Lucky you—as 2019 approaches its end, you have another 12 months’ worth of financial and tax-related paper records piling up in your house. You may even have decades’ worth of records piling up—it’s not unusual. Now is a good time to consider reducing your clutter by getting rid of records from this year or any year that you do not need to keep. But you don’t want to get rid records you will or might need, of course.

So, here is a listing of what records you should keep and for how long that my partner Brian Lovett, CPA, JD and I have prepared. Also keep in mind that anything that is discarded should be shredded. When organizing your files, please remember these are general rules concerning your records.

The rules we present here are simplified but comply with the IRS’ requirements.

Income tax returns and related items. Keep all federal and state income tax returns for at least seven years. Keep supporting documents (i.e. items confirming your income and/or deductions) for a minimum of three years after a return’s filing date or two years after paying the tax if you filed an amended return or a claim for a credit or refund paid later than when the return was filed. You should keep records for seven years if you file a claim for worthless securities or a bad debt deduction. If you do not report income that is more than 25% of your return’s gross income, you must have the records for at least six years back.

In all of these cases, a simple rule is to keep proof of the expenses claimed for four years and everything else for seven years. If you did not file a return or filed a fraudulent return, there is no statute of limitations, so whatever records you have should be retained indefinitely. Employment tax records should be retained for four years after the later of the date the tax became due or was paid.

Put each year’s return and data in an envelope (or on a disk) marked with the tax year and the date (four, six or seven years later) you should dispose of it.

If you have any final tax audit settlement letters, keep them for at least seven years after the date of the close of the audit. Actually, I recommend keeping these letters permanently because the tax authorities have recently been dredging up old items and sending bills without regard to whether they have been settled, and it is much easier to get these cancelled if you have the proof on hand.

The tax returns and back-up income data that you keep as described above can also be a “road map” to facilitate settling your affairs or to assist someone handling your affairs. This will provide a very good idea of what assets you have and where they are.

Gift tax returns. If you ever made gifts where you filed federal gift tax returns, those returns along with the back-up should be retained forever. These returns will be needed to be filed with estate tax returns.

Mailing receipts. If you file your return by certified mail or by an express carrier, keep the receipt with your copy of the tax return. Make sure the receipt shows the date the return was mailed and is stamped by the post office or carrier. If your return is filed electronically, keep a copy of the electronic filing confirmation. In the event the return is misplaced or lost by the tax authority, this documentation will save you from having to pay late-filing penalties.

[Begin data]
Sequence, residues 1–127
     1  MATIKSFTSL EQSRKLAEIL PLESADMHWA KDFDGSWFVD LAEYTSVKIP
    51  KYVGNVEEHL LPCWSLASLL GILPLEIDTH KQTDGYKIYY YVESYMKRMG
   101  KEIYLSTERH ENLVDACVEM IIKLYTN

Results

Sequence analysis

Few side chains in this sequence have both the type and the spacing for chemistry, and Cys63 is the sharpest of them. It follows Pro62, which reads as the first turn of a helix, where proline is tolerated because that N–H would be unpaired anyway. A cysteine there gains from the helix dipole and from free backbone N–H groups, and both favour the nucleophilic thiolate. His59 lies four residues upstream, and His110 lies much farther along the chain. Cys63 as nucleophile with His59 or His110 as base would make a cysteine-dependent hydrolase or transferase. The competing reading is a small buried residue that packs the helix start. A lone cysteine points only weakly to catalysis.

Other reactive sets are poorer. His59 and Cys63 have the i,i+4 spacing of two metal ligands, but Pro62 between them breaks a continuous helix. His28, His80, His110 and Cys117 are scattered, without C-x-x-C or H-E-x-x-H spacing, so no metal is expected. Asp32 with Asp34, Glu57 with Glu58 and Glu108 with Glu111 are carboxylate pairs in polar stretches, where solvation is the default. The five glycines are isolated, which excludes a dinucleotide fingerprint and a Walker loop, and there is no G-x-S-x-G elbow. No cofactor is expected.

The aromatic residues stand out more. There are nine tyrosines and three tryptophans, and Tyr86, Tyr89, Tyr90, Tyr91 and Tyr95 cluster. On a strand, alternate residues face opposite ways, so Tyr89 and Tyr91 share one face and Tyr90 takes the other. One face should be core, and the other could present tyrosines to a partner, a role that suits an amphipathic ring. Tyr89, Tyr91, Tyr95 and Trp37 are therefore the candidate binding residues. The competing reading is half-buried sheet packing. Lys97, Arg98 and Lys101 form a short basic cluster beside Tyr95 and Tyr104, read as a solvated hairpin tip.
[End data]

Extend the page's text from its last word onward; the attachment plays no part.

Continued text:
Gifts or inherited assets. Keep all records showing your basis in inherited assets and assets received by a gift. These will be needed if you sell the assets and might be needed if you are involved in a marital separation. If you received a gift of property or inherited assets, and you do not have the tax basis, now is a good time to try to get it. Note: the basis of inherited securities is included on the estate tax returns if they were required to be filed.

Wills and trusts. Obviously, you must keep current wills and trust agreements. However, we recommend retaining old, superseded wills and trusts to indicate a trail of how your thinking developed, especially if your will excludes certain people from receiving bequests or distributions or if the percentages of distributions are altered greatly. To avoid confusion, clearly mark on every page of any superseded agreement that it has been superseded and is no longer in effect.

Residential property records. The tax laws allow part of the gain to be tax-free when you sell your residence. However, you still might have to substantiate the amount of the gain. Because of this, you need to keep closing statements from all home purchases and records of amounts spent for home improvements. After a residence is sold, put these papers with your other tax information for that year. We suggest permanently retaining the closing statements and title policies.

Stock and bond records. Keep records of your investment (e.g., stocks, mutual funds and bonds) purchases. Besides providing you with a date for determining the type of gain—long-term versus short-term—these records establish your basis in the investments and help to compute the gain/loss when you sell them. In addition, keep records that show return-of-capital dividends and complete back-up of DRIP (dividend reinvestment plan) additions which establish your basis in those shares.

Because of the potential of class action lawsuits that might affect securities you owned and your need to furnish proof of your period of ownership if you want to be included in the class, we suggest you keep all records of your stocks and bond buys and sells for at least 10 years.